The early 90s was when the right-wing Big Media really started up in earnest (what former conservative pundit David Brock has called “The Republican Noise Machine”). Rush Limbaugh, for example, got his start during the Clinton presidency. The Fox News Channel itself also started during the Clinton years, in 1996. Both were part of a generalized conservative backlash against a Democrat in the White House.

And this tactic of right-wing populism continues to work today (especially with another Democratic president to attack), and is bigger business than ever — with billionaire Rupert Murdoch’s Fox News channel going strong, the Koch brothers’ successful Tea Party movement, and all those TV and radio hosts like Glenn Beck, Bill O’Reilly and Sean Hannity who are paid tens of millions of dollars to tell us they’re speaking up for the “little guy.”

Morton Downey, Jr. helped lead the way to this kind of TV “news” or “journalism,” even if his show appears obvious and amateurish compared to the slick format and presentation we see today. But a figure like Bill O’Reilly, in particular, owes a tremendous debt to Downey’s confrontational, damn-the-torpedoes style of doing “news” and interviews. At the same time trash-talk-show hosts like Jerry Springer and Maury Povich also partly owe their style of crazed three-ring-circuses to Mort. Even the Reverend Al Sharpton, perpetual African-American leader and professional racial ambulance-chaser, owes a debt to Mort, appearing on his show frequently during its short run.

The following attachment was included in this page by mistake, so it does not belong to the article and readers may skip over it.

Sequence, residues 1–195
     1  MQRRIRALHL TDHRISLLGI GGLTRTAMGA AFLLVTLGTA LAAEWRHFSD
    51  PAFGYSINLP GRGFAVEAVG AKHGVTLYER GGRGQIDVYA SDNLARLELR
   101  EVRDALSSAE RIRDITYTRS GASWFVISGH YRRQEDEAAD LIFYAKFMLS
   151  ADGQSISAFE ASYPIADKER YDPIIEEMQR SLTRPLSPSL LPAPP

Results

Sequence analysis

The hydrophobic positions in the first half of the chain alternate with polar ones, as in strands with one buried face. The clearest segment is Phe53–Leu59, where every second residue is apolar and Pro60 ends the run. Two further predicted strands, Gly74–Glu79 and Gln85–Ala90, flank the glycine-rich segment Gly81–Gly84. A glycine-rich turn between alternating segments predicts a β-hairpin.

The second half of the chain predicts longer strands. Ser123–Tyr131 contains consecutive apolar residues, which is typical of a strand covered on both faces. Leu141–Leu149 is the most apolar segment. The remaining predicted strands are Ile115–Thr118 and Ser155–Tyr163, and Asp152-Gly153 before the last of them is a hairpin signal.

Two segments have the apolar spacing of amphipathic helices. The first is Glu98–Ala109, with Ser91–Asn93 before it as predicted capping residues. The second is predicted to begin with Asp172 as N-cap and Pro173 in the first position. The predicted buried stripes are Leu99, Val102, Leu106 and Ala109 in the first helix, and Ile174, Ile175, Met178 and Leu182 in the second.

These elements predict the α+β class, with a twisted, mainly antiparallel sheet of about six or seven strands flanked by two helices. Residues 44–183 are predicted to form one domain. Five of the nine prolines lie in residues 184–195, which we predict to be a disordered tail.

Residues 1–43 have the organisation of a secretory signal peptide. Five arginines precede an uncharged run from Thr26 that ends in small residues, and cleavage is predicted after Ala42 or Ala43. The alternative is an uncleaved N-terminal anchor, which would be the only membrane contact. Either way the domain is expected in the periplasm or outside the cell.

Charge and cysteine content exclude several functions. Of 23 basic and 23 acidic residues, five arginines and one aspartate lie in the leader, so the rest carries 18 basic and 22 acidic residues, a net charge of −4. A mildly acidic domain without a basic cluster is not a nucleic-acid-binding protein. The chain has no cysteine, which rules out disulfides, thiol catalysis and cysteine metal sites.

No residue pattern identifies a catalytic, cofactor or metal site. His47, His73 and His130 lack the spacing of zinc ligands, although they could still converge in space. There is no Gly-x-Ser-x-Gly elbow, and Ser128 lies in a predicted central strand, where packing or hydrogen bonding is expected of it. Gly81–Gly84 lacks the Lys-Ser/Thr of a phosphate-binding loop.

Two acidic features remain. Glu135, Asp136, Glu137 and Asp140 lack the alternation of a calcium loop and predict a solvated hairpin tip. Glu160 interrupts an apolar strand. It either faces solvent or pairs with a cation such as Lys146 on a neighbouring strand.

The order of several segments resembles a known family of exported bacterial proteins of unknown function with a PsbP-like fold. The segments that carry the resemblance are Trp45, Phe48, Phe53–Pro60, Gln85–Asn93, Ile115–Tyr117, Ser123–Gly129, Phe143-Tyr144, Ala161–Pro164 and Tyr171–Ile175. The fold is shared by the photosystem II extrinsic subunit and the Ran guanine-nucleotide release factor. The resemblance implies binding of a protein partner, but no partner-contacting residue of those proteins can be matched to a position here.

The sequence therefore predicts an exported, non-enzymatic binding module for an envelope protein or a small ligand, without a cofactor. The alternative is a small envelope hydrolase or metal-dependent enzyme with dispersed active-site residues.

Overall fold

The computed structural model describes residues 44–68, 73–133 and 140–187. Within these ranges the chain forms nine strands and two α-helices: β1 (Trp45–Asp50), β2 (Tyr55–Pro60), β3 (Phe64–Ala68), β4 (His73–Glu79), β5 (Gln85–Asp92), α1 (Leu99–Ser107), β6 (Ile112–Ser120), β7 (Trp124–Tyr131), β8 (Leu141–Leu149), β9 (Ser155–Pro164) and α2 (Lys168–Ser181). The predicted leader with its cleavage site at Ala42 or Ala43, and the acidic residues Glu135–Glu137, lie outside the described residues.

The friendship between Sharpton and Downey (briefly shown in the film) offers a clue to the truth behind the image: Mort didn’t really believe what he said on the air. Or maybe he did. Anyway, it really didn’t matter: it was all just for ratings. Working the crowd into a frenzy, yelling at his guests, having a fight break out in the middle of the show — Downey knew this was what made for great TV . . . or, at least, it got people’s attention. (Most certainly, this is also the case of Bill O’Reilly today: he’s a showman who stumbled onto a sure thing; about as authentic as a TV preacher.)

At the time, Downey was hated and judged by the “respectable” media. But give ’em a few years, and they’ll come around: trash-talk-shows, “reality” shows like “Jersey Shore,” Rush, Billy-O, “To Catch a Predator,” etc. It’s the race to the bottom, the lowest-common denominator, anything in the name of ratings. Entertainment, Infotainment, “News.” Who cares if we believe it? Who cares if it’s true? He who yells the loudest wins.

Mort’s show was like an (un-)controlled experiment in pushing the TV talk-show format to its absolute limit, right up to the breaking point — supposedly in the name of some Archie-Bunker, knee-jerk reactionary-conservative populism that Mort himself didn’t even really believe in. Yet, people ate it up, it made him a star and a working-class “hero” almost overnight, and it set the stage for a lot what came later in TV “news” and opinion shows. That’s why you should watch this movie.

Review By: teaguetod
A searing portrait of a deeply bitter, tortured, and self-destructive man who nonetheless made quite a mark on the 80’s television landscape